There’s a lot of advice out there on leadership and management—almost as much as you’ll find on dating, careers and how to raise your kids.
Actually, most of it is pretty good, or at least not bad. I rarely come across an article in my daily SmartBrief on Leadership newsletter and say to myself “well, that sure is a crock full of hooey.”
However, I’d recommend running away as far as you can from the following pearls of leadership and management wisdom:
1. Ignore your weaknesses and leverage your strengths. Try Googling any variation of this advice, and you’ll find plenty of credible sources telling you to ignore your strengths. This feel-good nonsense usually stems from a lazy misinterpretation of what’s referred to as the “strength-based leadership development” movement, made popular by Gallup, Marcus Buckingham, and countless other copycats. Gallup and Buckingham never said to ignore your weaknesses; the idea is to do whatever it takes to minimize your weaknesses (improvement, delegation, finding a different job, etc.). Ignoring a critical leadership weakness is a surefire path to leadership derailment.
2. You need to know more than anyone who works under you. I actually heard a senior vice president give this advice to a group of new managers. I wanted to set my hair on fire. Believing that you could possibly know more than the sum of everyone who works for you is arrogance at its worst.
3. It’s OK to be friends with your employees. You can be friendly with your employees, but when you are in a position that requires you to objectively hire, promote, reward, or discipline, the relationship needs to change. I wrote a post about this a while back, and there were a few comments from managers who insisted that I was wrong and they were able to do it. Most, however, agreed. You live and learn.
4. If you can’t measure it, then you can’t manage it. This is bull—in fact, most of what we do at work can’t and shouldn’t be measured. Managers that subscribe to this advice end up paying attention to the minutia that’s easily measured and ignoring what’s really important.
5. Don’t pay attention to criticism; it’s not your job to make everyone happy. Managers who turn a deaf ear to constructive feedback or dissent will miss opportunities to improve, solve problems, or build coalitions for change.
6. Leaders are born and not made. Despite overwhelming evidence to the contrary, I still hear this myths perpetuated, often by self-proclaimed “experts.” Perhaps Warren Bennis said it best: “The most dangerous leadership myth is that leaders are born—that there is a genetic factor to leadership. This myth asserts that people simply either have certain charismatic qualities or not. That’s nonsense; in fact, the opposite is true. Leaders are made rather than born.”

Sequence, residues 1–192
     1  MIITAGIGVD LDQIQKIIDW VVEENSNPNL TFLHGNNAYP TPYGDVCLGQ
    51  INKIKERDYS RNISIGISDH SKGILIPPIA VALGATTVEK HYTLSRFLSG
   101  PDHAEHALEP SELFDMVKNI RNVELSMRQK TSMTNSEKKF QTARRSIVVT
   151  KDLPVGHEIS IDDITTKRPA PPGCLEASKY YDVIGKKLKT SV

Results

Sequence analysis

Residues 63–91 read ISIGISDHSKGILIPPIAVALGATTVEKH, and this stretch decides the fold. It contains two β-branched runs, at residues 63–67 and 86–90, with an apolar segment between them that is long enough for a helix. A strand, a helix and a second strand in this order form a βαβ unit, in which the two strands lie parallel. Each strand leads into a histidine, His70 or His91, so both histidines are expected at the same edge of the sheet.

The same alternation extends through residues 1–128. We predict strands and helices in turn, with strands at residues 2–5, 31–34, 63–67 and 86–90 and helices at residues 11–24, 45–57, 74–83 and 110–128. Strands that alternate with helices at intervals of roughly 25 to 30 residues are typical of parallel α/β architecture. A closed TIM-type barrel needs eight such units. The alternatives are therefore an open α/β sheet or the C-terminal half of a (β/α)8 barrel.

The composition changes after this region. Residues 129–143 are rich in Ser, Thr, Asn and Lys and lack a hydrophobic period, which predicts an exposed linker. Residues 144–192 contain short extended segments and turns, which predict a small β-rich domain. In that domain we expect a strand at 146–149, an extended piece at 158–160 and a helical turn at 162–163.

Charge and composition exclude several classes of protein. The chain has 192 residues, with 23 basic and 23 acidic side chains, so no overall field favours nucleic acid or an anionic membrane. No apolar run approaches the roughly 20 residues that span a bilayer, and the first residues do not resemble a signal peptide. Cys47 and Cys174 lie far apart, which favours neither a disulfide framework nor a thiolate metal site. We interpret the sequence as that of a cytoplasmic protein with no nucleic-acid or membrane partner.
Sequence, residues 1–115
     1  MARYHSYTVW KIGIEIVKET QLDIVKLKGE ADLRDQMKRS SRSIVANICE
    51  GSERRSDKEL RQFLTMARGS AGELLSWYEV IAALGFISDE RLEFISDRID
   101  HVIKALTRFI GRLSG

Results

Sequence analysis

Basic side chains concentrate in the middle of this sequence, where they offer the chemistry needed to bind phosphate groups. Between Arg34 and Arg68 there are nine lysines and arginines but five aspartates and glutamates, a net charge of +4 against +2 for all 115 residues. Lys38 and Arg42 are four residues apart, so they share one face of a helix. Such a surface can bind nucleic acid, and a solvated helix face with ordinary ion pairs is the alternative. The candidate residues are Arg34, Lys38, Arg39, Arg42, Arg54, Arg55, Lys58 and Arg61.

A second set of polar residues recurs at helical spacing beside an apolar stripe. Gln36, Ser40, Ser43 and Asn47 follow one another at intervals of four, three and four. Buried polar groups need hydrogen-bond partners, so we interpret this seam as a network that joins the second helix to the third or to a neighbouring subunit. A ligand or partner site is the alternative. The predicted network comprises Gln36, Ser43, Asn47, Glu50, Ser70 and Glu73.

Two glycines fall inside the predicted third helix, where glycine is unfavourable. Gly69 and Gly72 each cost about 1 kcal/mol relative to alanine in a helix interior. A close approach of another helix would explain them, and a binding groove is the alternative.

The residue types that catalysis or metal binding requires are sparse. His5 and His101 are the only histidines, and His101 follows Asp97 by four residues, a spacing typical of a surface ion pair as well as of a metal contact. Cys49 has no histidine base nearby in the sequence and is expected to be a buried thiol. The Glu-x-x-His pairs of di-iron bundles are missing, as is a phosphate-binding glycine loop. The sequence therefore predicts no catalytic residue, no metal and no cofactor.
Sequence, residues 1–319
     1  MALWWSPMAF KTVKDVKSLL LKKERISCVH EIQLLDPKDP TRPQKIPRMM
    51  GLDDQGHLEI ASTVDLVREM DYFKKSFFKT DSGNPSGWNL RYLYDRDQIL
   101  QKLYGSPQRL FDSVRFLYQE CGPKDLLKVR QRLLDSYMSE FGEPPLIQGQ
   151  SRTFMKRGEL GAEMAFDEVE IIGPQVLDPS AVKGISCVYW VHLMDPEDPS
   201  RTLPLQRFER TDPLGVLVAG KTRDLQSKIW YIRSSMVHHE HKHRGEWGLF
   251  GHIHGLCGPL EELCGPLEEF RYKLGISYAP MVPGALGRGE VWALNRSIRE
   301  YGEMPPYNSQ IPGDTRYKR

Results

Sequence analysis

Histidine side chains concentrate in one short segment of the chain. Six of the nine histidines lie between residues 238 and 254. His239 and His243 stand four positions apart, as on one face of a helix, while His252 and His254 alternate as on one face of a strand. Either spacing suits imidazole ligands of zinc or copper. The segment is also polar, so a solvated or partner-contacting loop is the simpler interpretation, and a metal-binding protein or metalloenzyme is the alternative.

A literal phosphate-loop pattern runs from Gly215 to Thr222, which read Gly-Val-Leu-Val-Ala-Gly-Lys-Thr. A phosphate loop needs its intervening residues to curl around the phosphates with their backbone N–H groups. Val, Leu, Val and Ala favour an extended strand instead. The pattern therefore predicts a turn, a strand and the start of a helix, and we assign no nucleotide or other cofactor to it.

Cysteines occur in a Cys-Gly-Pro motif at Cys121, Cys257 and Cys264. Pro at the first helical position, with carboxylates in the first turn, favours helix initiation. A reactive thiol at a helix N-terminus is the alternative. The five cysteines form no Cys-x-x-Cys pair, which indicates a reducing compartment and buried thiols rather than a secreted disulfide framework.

7. The best way to learn leadership is from successful business CEOs. Sometimes, but not always. Steve Jobs was a visionary and incredibly successful businessman, but there are plenty of people who characterize him as one of the world’s worst leaders. I know of a CEO who handed out Jobs’ book to his executive team as a leadership tutorial. Pity those poor employees.
8. No news is good news. The higher up you go in an organization, the more likely it is that you’ll become isolated and shielded from bad news by your palace guard. Not hearing about it doesn’t mean it doesn’t exist—it just means you have your head in the sand.
9. You need to pull up their sleeves, pitch in and get your hands dirty. While it’s good to do this once in a while, managers should not regularly be doing the work of one or two levels below them. To do so is at the expense of the unique and critical work that they should be doing as a manager, undermines their employees’ work and results in micromanaging.
10. First in, last out. Meaning, you need to be the first one to work and the last to leave. Managers that work insanely long hours on a consistent basis are candidates for burnout. You’ll be less effective in the long run and set a bad example for the rest of the organization. Besides, what if one or two of your employees are following the same career advice? It could turn into a rather absurd contest to see who can be the first one to work in the morning.
What other bad leadership and management advice have you heard?
Dan McCarthy is the director of Executive Development Programs at the University of New Hampshire and runs the Management & Leadership channel of About.com. He writes the leadership development blog Great Leadership and is a regular contributor to SmartBrief and a member of the SmartBrief on Workforce Advisory Board.